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United States Department of Agriculture

Agricultural Research Service

Research Project: ENHANCED END USE QUALITY AND UTILIZATION OF SORGHUM GRAIN

Location: Grain Quality and Structure Research Unit

2008 Annual Report


1a.Objectives (from AD-416)
Determine relationships between sorghum grain physical properties including hardness, diameter, and kernel weight, protein and starch composition and processing quality and identify sorghum biochemical components related to food functionality and bio-industrial uses such as ethanol production. Use knowledge of these components to improve the quality and yields of bio-industrial materials and the quality and functionality of sorghum flour which will facilitate development of new, high quality foods, especially for the gluten free food market.


1b.Approach (from AD-416)
New slope and bias curves for measuring hardness, diameter, weight and moisture of sorghum grain by the SKCS will be determined for more accurate characterization of sorghum using the SKCS. Differences in protein content and composition of isolated hard and soft endosperm fractions will be determined. Sample sets to be used for relating processing quality to protein content and composition will be collected. Samples varying in pericarp color, presence of testa layer, plant color, and kernel attributes for analysis of grain color compounds, phenolics, and other small molecules will be collected. Techniques for extracting and analyzing sorghum color compounds by HPLC and HPLC-MS will be developed.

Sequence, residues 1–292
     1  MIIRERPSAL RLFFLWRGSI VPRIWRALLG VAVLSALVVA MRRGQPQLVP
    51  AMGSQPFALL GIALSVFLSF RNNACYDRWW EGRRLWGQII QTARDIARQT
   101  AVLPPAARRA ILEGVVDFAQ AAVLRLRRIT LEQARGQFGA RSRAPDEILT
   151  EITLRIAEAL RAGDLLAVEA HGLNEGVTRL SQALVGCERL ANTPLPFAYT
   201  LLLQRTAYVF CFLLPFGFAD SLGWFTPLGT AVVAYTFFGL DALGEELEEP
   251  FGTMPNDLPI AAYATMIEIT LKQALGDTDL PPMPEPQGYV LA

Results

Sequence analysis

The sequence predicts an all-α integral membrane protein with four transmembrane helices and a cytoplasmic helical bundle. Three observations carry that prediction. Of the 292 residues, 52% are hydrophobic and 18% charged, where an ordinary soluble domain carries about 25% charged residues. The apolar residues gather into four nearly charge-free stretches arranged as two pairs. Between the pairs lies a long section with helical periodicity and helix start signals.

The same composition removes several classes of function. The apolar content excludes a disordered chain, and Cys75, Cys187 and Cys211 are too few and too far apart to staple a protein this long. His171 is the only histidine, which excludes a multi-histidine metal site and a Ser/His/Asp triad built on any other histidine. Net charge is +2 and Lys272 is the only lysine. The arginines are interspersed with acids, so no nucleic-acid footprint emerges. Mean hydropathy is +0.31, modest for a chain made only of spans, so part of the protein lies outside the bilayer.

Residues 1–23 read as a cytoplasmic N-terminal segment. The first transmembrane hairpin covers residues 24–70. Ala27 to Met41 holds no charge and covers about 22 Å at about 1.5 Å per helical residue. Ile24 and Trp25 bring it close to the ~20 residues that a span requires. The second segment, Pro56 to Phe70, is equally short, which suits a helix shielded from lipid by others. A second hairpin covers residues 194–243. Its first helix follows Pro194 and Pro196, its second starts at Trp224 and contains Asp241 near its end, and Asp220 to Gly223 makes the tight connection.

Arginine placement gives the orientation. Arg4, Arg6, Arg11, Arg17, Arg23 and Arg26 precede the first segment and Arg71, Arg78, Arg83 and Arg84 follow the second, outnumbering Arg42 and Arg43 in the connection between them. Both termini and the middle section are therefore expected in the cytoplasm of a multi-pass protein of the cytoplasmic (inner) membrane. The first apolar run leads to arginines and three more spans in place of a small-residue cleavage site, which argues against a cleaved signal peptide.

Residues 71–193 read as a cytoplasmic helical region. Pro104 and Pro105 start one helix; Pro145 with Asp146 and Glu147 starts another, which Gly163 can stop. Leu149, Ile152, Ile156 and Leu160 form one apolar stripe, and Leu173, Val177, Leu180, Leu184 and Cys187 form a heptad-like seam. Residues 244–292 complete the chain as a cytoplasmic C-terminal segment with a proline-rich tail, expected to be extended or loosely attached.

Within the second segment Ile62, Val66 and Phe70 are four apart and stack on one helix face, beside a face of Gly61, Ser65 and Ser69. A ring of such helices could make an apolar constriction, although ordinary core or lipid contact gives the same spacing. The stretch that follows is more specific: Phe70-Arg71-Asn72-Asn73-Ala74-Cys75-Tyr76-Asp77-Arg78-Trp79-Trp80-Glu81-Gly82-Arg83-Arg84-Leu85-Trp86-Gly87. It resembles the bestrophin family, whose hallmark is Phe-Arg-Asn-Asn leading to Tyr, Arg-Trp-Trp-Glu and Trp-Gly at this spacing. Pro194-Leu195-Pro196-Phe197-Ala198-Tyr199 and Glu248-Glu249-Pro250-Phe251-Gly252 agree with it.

Multi-instrument SKCS comparisons and calibrations with researchers in Kansas, Nebraska, and Texas will be completed. The effect of environment on protein content and composition of isolated hard and soft endosperm fractions will be determined. Wet milling, dry milling, extrusion and fermentation quality of selected sorghum lines will be conducted. Color compounds, phenolics, and other small molecules in sorghum from weathered and sound grain; evaluate grains for markers of insect and fungal damage and infestation will be characterized and cataloged.